As implied already, communication, the second of the basic science process skills, goes hand in hand with observation. Students have to communicate in order to share their observations with someone else, and the communication must be clear and effective if the other person is to understand the information. One of the keys to communicating effectively is to use so-called referents, references to items that the other person is already familiar with.

For example, we often describe colors using referents. We might say

sky blue


grass green

, or

lemon yellow

to describe particular shades of blue, green, or yellow. The idea is to communicate using descriptive words for which both people share a common understanding.

Without referents, we open the door to misunderstandings. If we just say




, for example, our audience might have a different idea of how hot or how rough. If a student is trying to describe the size of a pinecone they might use the size of his or her shoe as a referent. The pinecone could be either larger or smaller than his shoe.

The additional science process skill of measuring is really just a special case of observing and communicating. When we measure some property, we compare the property to a defined referent called a unit. A measurement statement contains two parts, a number to tell us

how much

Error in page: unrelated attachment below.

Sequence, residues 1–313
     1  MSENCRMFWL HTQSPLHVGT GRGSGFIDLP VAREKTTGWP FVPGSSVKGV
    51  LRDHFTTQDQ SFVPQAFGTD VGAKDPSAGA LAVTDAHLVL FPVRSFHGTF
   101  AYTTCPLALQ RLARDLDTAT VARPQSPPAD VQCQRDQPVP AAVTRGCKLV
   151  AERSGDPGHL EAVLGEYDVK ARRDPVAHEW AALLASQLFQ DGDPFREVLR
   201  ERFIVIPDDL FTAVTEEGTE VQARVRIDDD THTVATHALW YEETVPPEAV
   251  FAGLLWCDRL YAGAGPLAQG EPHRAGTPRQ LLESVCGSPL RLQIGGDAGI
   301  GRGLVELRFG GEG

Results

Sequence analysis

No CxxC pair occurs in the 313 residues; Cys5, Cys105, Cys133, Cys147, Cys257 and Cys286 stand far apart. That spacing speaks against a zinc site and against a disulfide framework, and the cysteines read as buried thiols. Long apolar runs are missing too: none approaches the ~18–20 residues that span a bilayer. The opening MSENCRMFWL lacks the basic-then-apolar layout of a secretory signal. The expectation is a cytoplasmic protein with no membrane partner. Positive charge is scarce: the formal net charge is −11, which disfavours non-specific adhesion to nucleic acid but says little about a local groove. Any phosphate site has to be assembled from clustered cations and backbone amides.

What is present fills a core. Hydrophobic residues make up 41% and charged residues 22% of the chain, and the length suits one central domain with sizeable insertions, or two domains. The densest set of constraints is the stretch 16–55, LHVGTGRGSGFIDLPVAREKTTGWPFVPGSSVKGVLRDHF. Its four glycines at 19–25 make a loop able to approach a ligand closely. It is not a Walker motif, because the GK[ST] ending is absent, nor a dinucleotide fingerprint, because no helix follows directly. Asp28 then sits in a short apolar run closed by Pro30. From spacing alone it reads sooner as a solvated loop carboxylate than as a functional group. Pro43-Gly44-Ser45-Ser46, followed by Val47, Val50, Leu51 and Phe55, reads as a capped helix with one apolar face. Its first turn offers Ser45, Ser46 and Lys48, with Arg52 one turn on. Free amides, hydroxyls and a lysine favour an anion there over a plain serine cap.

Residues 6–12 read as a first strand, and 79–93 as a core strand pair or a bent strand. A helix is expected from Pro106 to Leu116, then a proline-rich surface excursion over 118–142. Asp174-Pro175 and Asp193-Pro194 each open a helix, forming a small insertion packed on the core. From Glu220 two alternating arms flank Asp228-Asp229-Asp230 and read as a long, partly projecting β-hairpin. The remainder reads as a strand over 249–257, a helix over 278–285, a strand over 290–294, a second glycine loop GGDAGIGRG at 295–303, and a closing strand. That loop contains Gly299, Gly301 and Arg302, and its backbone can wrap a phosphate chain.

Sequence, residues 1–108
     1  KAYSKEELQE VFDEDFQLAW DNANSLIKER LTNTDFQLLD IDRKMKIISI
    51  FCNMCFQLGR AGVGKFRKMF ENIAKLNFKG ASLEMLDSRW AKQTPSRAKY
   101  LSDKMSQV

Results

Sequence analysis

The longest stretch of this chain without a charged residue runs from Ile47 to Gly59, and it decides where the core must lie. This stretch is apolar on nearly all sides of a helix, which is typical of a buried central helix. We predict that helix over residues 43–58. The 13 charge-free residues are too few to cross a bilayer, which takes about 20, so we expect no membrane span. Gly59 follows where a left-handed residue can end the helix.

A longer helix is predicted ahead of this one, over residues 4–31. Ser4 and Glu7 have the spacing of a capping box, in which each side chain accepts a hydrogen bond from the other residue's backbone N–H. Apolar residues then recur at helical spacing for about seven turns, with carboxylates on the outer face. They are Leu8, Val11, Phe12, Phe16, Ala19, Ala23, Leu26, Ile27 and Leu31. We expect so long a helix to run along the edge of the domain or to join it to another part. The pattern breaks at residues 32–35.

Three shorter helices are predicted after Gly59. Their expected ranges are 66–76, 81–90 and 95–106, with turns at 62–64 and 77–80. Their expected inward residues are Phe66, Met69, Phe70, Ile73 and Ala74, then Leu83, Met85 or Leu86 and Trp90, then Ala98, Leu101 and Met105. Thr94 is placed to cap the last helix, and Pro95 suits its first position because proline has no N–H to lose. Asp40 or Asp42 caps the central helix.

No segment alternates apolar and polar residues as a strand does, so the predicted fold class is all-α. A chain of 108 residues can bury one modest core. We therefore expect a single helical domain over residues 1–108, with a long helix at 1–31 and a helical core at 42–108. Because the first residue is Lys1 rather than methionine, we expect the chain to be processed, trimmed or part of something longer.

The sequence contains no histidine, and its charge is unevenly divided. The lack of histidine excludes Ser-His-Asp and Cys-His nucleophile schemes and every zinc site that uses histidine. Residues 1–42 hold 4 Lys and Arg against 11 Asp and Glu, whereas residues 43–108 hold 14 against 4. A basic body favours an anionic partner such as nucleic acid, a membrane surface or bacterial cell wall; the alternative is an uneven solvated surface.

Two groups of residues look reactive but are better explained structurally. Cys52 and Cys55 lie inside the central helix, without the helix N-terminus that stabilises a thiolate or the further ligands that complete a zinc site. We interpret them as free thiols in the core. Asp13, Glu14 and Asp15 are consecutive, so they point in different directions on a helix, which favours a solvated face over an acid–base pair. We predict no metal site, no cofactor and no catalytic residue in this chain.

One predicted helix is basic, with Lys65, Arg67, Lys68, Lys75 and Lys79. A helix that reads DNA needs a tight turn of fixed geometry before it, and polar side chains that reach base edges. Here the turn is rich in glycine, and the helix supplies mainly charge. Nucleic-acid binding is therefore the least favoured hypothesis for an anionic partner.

how many

, and a name for the unit to tell us how much

of what

. The use of the number makes a measurement a quantitative observation.

Students can communicate their observations verbally, in writing, or by drawing pictures. Other methods of communication that are often used in science include graphs, charts, maps, diagrams, and visual demonstrations.


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takes advantage of alternative forms of visual communication by presenting a variety of graphs, charts, maps, and diagrams. Look through your

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for examples.


Students in the early grades are expected to be able to sort objects or phenomena into groups based on their observations. Grouping objects or events is a way of imposing order based on similarities, differences, and interrelationships. This is an important step towards a better understanding of the different objects and events in the world.

Take a moment to see how classification is introduced on this page.

From the “Worming Their Way In” Monograph

There are several different methods of classification. Perhaps the simplest method is serial ordering. Objects are placed into rank order based on some property. For example, students can be serial ordered according to height, or different breakfast cereals can be serial ordered according to number of calories per serving.

Ask students to read the first 2 paragraphs in "What They Discovered" and examine Figure 15. Using the Table below, have students calculate the amount of forest per person for each region. Have students compare their region with other regions. Order the regions from the most forest per person to least forest per person.

Now hold a class discussion based on these questions: 1. Where is my region on the list? Is it near the top or bottom, or near the middle? 2. How does my region compare with other regions in the world?

3. What are some of the reasons my region is ranked where it is on the list?


The World’s Forests Edition

, Lesson Plan for Inquiry 2.